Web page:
Friday, June 23, 2017



Correcting the wrongs of the past

Germany is to pardon and compensate victims of a Nazi-era anti-homosexual law:

Germany’s parliament has voted to quash the convictions of 50,000 gay men sentenced for homosexuality under a Nazi-era law that remained in force after the second world war.

After decades of lobbying, victims and activists hailed a triumph in the struggle to clear the names of gay men who lived with a criminal record under article 175 of the penal code.

An estimated 5,000 of those found guilty under the statute are still alive. The measure overwhelmingly passed the Bundestag lower house of parliament, where chancellor Angela Merkel’s coalition enjoys a large majority.

It also offers gay men convicted under the law a lump sum of €3,000 (£2,600) as well as an additional €1,500 for each year they spent in prison.


Note that this isn't about Nazi crimes - those convicted under the Nazi regime had their convictions overturned in 2002. Its for those punished under the law between 1945 and its repeal in 1968 or 1994 (for east and West Germany respectively). This law was wrong, and it is entirely right that those punished under it receive an apology and compensation (though €1,500 for a year in prison is derisory).

Meanwhile, where's New Zealand? National promised to overturn past convictions for homosexuality back in February, but no bill has been introduced to the House yet. And of course its on a case-by-case basis (meaning you need to grovel for justice), and there's no talk of an apology or compensation for the state's abuse of power. I guess righting these past wrongs simply isn't a priority for the National Party...

New Zealand votes against international law

Over fifty years ago, Britain stole the Chagos Islands and forcibly expelled their inhabitants to Mauritius to make way for a US military base. Since then, they've been fighting for justice through the UK courts, and most recently at the UN. Last night, they won another victory, with the UN General Assembly voting 94 to 15 to seek an advisory opinion from the international court of justice (ICJ) in The Hague on the UK's actions, which appear to breach international law. Sadly, New Zealand voted against the motion:



I guess this is National's foreign policy now: voting to cover up the colonial crimes of our former masters. Its sickening. We're supposed to stand for a law-governed world, and that means supporting international law, no batter who benefits. Instead, we're just sucking up to the powerful and being their dogsbody.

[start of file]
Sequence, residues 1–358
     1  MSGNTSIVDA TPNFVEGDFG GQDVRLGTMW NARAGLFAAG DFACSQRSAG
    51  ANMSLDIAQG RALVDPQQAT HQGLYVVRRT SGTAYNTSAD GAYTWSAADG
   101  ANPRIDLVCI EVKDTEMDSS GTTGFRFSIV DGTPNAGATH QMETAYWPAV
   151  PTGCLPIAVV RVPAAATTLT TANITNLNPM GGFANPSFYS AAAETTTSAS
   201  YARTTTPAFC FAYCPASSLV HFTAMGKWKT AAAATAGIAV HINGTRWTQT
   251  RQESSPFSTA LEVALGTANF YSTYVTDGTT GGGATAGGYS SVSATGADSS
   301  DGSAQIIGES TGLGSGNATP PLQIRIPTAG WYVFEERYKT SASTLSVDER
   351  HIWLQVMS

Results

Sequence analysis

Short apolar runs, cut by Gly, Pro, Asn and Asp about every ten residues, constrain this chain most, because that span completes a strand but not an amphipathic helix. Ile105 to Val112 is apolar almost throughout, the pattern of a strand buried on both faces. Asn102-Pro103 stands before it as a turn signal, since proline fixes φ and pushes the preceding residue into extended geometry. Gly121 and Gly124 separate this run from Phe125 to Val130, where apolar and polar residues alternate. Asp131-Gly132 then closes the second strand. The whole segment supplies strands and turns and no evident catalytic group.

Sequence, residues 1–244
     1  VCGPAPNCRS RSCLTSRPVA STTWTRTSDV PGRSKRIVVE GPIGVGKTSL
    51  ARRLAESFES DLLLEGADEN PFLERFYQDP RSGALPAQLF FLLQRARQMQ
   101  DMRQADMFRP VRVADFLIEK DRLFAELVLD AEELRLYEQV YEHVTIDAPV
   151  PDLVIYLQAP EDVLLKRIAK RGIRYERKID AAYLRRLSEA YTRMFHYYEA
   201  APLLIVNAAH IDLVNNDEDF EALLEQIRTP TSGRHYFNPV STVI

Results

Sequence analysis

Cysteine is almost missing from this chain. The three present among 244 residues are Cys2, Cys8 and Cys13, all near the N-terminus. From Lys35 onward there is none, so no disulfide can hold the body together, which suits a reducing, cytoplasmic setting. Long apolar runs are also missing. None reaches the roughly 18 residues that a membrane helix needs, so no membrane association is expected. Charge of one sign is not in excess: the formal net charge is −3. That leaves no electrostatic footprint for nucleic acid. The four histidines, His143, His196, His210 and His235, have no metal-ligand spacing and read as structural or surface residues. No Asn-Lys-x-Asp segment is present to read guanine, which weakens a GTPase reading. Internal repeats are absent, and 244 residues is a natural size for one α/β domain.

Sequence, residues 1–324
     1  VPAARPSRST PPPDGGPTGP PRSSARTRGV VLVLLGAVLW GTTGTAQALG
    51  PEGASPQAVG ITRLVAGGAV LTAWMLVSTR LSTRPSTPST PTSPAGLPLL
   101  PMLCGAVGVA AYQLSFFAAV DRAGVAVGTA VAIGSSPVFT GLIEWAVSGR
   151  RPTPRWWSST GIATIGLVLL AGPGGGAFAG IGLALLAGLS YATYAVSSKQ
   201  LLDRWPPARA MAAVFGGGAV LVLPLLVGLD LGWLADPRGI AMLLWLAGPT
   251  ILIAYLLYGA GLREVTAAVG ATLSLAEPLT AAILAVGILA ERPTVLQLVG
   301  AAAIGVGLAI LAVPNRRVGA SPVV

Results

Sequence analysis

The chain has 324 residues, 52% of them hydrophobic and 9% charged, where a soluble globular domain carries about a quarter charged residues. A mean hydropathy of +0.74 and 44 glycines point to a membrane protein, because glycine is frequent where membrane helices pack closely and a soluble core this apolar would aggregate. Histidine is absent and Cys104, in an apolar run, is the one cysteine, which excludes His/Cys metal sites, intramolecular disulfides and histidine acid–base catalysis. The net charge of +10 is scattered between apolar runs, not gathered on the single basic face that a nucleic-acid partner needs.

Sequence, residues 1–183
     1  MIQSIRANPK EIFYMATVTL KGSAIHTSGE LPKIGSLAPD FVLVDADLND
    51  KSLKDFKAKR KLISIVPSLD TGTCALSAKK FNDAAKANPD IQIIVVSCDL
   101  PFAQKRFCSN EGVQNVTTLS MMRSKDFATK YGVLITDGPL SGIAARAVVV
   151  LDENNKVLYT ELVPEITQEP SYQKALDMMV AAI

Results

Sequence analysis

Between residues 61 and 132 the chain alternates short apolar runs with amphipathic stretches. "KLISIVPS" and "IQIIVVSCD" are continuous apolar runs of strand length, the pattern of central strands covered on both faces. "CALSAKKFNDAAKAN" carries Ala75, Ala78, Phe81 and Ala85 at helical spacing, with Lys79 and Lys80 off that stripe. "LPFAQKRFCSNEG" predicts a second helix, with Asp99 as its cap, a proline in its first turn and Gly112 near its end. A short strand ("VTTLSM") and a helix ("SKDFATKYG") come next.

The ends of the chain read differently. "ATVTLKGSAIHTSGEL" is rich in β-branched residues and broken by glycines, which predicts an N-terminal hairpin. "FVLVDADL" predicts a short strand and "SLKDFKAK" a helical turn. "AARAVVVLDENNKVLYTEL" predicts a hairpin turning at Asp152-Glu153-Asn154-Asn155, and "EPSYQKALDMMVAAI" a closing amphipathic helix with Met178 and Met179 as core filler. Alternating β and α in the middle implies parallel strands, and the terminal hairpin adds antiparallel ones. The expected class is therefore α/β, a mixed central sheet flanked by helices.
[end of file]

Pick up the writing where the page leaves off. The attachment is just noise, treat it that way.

As for how to fix this, if we want to change our foreign policy direction, we need to change the government. It is that simple.

New Fisk

What politicians said in the wake of Grenfell Tower rings hollow if you’ve seen it all before in the Middle East

Pull the other one

Issues around illegal interception of communications have been prominent in the media over the last few years. There's the Kim Dotcom case, of course, and all the GCSB's shennanigans around driftnetting communications (including those of New Zealanders) from our Pacific Island neighbours. And who could forget the Bradley Ambrose case, where a dictaphone was inadvertently left running during John Key's sitdown with John Banks, and which resulted in the police raiding several media offices? So its quite surprising then for Bill English to claim that he and the National Party had no idea that Todd Barclay might be committing a crime by recording the conversations of his electorate staff:

Prime Minister Bill English has indicated Todd Barclay didn't know his recording of a staffer's conversations could be illegal until a police investigation was launched.

[...]

Speaking to media in Auckland, English said during the dispute his advice to Barclay had been that "that wasn't good behaviour".

When a police investigation started it raised issues about possible offences and "I don't think [it] had occurred to anybody that there may be some potential offence", English said.

English said once there was an investigation established the possibility of an offence became clearer.


Yeah, right. In order to believe this, we'd have to believe that English, a senior politician, had paid no attention to major events affecting the party and government he is a part of. We'd have to believe he has been effectively brain dead for the past decade. Its simply not credible.

It is however a perfect example of how politicians pretend ignorance for political advantage. This is dishonest and it shows a lack of respect for the public. And we should respond by punishing such politicians brutally at the ballot box.

Thursday, June 22, 2017



There is corruption in New Zealand

Its commonly believed that New Zealand is not a corrupt country. But that belief is wrong, according to a new study by Deloitte's:

[A]ccounting firm Deloitte's latest bribery and corruption survey has found that about 20 percent of New Zealand companies surveyed had detected some form of corruption - about the same level as the previous survey two years ago.